The bond proposal for street paving was mentioned by the Mayor last summer. Further, a proposal was going through the legislature to give the City of Jackson the opportunity to present to 'The People' a 1 cent sales tax increase that would be used specifically for the paving of streets and other infrastructure needs. That proposal died in the legislature last month. After that, the Mayor proposed the initial $10 million bond issue for street paving. This is all said to say that you aren't very informed. The Mayor is only one person and if you don't have willing partners there isn't much you can do on your own. Where is your disdain for the leaders of this state who continue to block everything that would be positive for the City of Jackson. I guarantee you have complained about any on them!!

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sarahmina 7 years, 4 months ago

After reading why the council voted down the street repair proposal the FIRST time, I don't understand what changed for the second vote. The only councilman who voted to do it "RIGHT" with transparency was Councilman Lumumba. There are STILL no named streets and specific projects. We STILL have a 10million dollar bond that has to be paid back and we are STILL using materials to repair streets that will need to be REDONE BEFORE THE BOND IS EVEN PAID. Smells like an election is coming up and the incumbent needs to do "SOMETHING". It smells like the incumbent thinks the citizens are dumb and will buy that swamp land he wants to sell in Florida. Interesting, I remember voting for the incumbent the last time when he "PROMISED" to repair the pot holes and streets - 8 years? REALLY?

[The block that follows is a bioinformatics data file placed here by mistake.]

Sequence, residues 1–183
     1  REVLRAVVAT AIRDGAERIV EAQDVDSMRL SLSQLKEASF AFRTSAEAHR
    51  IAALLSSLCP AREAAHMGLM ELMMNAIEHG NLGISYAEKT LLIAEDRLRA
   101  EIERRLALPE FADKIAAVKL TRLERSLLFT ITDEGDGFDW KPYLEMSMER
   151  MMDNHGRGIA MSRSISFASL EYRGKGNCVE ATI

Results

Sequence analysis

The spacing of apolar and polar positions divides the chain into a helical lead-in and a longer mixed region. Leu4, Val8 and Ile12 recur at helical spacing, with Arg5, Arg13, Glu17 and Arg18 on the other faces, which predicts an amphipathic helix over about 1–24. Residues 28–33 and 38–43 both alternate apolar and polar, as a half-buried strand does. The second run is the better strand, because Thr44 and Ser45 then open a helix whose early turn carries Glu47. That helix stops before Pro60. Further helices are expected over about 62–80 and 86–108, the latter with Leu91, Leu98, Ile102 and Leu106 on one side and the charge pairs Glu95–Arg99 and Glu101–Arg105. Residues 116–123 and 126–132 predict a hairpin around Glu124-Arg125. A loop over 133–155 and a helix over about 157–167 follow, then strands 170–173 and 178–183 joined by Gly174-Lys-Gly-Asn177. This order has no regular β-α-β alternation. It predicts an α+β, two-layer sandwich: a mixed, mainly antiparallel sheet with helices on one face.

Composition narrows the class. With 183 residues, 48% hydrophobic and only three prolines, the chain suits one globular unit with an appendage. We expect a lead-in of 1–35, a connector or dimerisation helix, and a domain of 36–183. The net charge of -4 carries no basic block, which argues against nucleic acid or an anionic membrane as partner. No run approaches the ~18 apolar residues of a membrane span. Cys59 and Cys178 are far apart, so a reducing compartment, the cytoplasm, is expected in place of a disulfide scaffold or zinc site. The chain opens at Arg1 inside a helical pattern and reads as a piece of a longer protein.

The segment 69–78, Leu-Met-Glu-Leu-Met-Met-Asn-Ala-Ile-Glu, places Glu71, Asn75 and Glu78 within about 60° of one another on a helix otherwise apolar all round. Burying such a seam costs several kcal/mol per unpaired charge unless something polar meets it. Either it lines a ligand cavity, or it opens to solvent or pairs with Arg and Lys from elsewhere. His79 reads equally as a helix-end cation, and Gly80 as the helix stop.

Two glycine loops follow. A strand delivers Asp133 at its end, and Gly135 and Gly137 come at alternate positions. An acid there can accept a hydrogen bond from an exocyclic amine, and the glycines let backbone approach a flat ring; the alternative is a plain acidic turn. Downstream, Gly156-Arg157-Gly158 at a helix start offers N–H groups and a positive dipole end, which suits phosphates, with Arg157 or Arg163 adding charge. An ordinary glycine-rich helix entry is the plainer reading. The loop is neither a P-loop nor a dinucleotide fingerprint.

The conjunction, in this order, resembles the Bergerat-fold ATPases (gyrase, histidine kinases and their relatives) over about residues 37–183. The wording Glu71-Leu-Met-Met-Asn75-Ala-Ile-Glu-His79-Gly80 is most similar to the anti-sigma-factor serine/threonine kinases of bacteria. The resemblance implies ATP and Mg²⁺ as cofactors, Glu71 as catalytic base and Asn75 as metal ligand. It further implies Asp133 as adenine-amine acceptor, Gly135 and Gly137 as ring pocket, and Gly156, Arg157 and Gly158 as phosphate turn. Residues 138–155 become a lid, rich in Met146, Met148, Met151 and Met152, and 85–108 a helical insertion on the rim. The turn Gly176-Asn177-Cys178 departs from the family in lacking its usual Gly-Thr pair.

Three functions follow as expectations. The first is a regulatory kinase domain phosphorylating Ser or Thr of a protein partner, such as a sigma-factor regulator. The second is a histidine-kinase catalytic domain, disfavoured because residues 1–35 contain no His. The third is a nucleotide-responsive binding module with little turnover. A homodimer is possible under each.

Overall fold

Lumumba is right in wanting to involve the citizentry in the process. Otherwise you have the same old thing - certain people getting the benefits and the majority getting ignored. Wake Up JACKSON AND STOP BEING USED !!!!!

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robbier 7 years, 4 months ago

Citizenry can't be involved in the running of the city day to day. That's why we have publicly elected officials.

Lumumba wanted to vote no to oppose the incumbent Mayor Johnson, and used an effect of populism as his reasoning. Don't fall for it Sarah.

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sarahmina 7 years, 4 months ago

Don't be paranoid. Unfortunately, it is the elitist who would call an effort for open dialogue from the citizens, a play on populism. All one has to do is to look at Lumumba's record to see an HONEST desire to include citizentry in the decisions that directly affect their lives. It is only the elite who would have a problem with hearing their interests and concerns, Additionally, you appear to be confused, NO ONE has EVER said that hearing what the citizens have to say about how their city responds to their needs, means that they would run the city on a day to day basis. That's the problem with elitist, they have no real desire for inclusioin because they ALWAYS think they are the only ones whose ideas and suggestions are worth listening to. W R O N G !!!!!